Image analysis to predict the moment of giving birth of pregnant ewes

A. Chedad, J.M. Aerts, A. Delahaye and D. Berckmans

Laboratory for Agricultural Buildings Research, University of Leuven, Heverlee, Belgium

Due to the evolution of hardware and software, computers become more and more reliable, cheap and powerful. As a consequence digital image analysis techniques are used more and more integrated in bio-processes [2]. Such techniques are accurate, no contact has to be made and the continuous presence of man is not necessary. The objective of this research was to investigate if image analysis techniques can be used to quantify the behaviour of pregnant ewes in field conditions.

Figure 1. Test installation.

An algorithm for image analysis was developed which allows making a distinction between lying and standing behaviour of ewes and this in situations of low contrast between animal and background. Using a monochrome CCD camera (speed of 25 images/second) and video recorder, the behaviour of four ewes (3 pregnant ewes and 1 non-pregnant ewe) was recorded starting 2 to 6 days before having a litter, depending on the ewe.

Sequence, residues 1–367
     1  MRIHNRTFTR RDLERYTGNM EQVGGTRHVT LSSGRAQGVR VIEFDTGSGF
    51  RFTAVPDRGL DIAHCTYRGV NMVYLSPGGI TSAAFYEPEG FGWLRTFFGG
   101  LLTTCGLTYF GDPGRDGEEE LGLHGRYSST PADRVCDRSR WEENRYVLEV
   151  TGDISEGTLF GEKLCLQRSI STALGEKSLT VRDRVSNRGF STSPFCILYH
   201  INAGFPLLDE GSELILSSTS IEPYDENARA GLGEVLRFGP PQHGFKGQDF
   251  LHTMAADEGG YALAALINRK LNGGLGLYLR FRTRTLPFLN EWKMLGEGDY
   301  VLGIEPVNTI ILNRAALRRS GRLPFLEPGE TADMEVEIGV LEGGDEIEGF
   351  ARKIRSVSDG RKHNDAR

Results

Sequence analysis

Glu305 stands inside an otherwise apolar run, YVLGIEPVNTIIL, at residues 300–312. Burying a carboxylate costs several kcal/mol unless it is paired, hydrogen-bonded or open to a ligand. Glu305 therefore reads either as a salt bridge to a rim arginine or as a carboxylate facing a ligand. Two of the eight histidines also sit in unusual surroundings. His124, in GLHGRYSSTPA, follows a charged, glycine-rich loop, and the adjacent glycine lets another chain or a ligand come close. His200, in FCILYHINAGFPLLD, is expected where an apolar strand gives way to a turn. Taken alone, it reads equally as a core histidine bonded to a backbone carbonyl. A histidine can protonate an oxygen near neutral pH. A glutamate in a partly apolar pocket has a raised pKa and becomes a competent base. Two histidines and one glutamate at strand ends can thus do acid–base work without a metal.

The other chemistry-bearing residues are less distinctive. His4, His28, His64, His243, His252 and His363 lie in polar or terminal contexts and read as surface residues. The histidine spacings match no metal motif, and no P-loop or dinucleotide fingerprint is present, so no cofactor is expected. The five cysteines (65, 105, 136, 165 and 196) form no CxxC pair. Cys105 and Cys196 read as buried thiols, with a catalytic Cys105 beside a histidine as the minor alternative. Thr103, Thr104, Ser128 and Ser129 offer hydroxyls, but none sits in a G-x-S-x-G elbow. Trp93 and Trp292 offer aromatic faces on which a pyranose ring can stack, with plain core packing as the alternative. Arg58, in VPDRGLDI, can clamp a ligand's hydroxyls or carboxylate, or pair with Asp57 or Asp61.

Figure 2. Cumulative traveled distance for ewe 2.

For a total of 34727 digitised images it was possible for 95 % of the images to make a correct distinction between lying and standing and this in lighting conditions of only 50 lux.

Figure 3. Cumulative lying Behaviour for ewe 2.

The following variables could be quantified: travelled distance (m), lying time (seconds) , standing time (seconds), activity (defined by [1]) and rotation index (number of rotations) of an animal. For 2 of the 3 pregnant ewes a change in behaviour could be quantified 6 to 7 hours before birth. In Figures 2 and 3 the traveled distance and the cumulative lying behaviour is shown for ewe 2.

Using such image analysis techniques it might be possible to monitor on-line the behaviour of pregnant animals in order to detect the beginning of birth.


  1. Bloemen, H.; Aerts, J.M.; Berckmans, D.; Goedseels, V. (1997). Image analysis to measure activity of animals. Equine Veterinary Journal, Suppl. 23, 16-19.
  2. Deschazer, J.A.; Moran, P.; Onyyango, C.M.; Randall, J.M.; Schofield, C.P. (1988). Image Systems to Improve Stockmanship in Pig Production. Divisional Note 1459 DN, AFRC Inst. Engineering Research, Silsoe.

Poster presented at Measuring Behavior 2000, 3rd International Conference on Methods and Techniques in Behavioral Research, 15-18 August 2000, Nijmegen, The Netherlands

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